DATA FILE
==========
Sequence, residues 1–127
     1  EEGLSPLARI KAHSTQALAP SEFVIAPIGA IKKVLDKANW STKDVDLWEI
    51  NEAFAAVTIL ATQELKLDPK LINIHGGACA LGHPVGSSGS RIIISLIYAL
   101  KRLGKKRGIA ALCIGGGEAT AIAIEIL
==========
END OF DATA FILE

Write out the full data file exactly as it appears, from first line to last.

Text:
Sequence, residues 1–127
     1  EEGLSPLARI KAHSTQALAP SEFVIAPIGA IKKVLDKANW STKDVDLWEI
    51  NEAFAAVTIL ATQELKLDPK LINIHGGACA LGHPVGSSGS RIIISLIYAL
   101  KRLGKKRGIA ALCIGGGEAT AIAIEIL